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Before the Obirakhmatian? New data from Kulbulak site.
Galina Pavlenok  1@  , Konstantin Pavlenok  2, *@  , Sergey Kogai  2@  , Muhiddin Huzhinazarov  3@  
1 : Institute of Archaeology and Ethnography, Siberian Branch of the Russian Academy of Sciences  -  Site web
Ac. Lavrentieva 17, 630090 Novosibirsk, Russia -  Russie
2 : Institute of Archaeology and Ethnography, Siberian Branch of the Russian Academy of Sciences
3 : Institute of Archaeology
* : Auteur correspondant

Kulbulak located on the southeastern slope of the Chatkal Ridge in the Western Tien Shan (Uzbekistan) is among the most important multilayer open-air Paleolithic sites in western Central Asia, because the stratigraphic sequence of the site was considered to be the most complete in this region. The new excavations are particularly interesting due to the presence of an early industry with blade and bladelet technology at the depth of 13.5 m in layer 23, which is a loamy-sandy sediments of mostly an proluvial genesis. The assemblage from the layer (more than 25 000 stone artifacts) is mostly marked by the production blades and points from Levallois (in most cases) and parallel flat-face cores, in combination with radial and truncated-faceted cores for flakes, along with prismatic and narrow-face cores (some with triangular shape) for bladelets prepared on blanks and small nodules. The tool kit (more than 300 items) mostly contains extensively retouched blades (with one or two working edges), pointed blades, thick elongated points (including Levallois), scrapers (including convergent and dejete types), few end-scrapers (including some of carinated shape), few uni- and bifacial tools, along with great number of blanks with irregular retouch. Assemblages with similar features have been reported from western Central Asia, notably at Obi Rakhmat Grotto (also in Uzbekistan). But Levallois technology plays a secondary role in this industry. Taking into account the results of geomorphological, sedimentological, and stratigraphic studies, Kulbulak is now providing new data showing the presence of an earlier development of blade industry in the region (based on Levallois technology). Previously the emergence of Obirakhmatian industries in the region were recognized as a result of cultural influence from the Middle East.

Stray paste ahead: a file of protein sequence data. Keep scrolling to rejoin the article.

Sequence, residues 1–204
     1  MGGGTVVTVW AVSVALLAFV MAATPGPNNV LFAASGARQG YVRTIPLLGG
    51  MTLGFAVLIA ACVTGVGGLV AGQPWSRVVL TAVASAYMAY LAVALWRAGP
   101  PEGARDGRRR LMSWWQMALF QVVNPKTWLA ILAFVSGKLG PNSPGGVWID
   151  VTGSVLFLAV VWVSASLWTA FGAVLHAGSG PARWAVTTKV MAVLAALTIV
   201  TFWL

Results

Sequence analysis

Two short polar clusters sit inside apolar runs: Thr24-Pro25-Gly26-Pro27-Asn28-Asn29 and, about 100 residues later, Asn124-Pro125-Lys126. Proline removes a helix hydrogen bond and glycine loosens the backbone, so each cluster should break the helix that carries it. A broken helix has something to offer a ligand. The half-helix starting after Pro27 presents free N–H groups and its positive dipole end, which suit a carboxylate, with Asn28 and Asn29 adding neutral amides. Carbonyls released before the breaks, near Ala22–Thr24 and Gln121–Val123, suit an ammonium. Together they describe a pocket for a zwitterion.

This study was supported by Russian Science Foundation (Project №14-50-00036)


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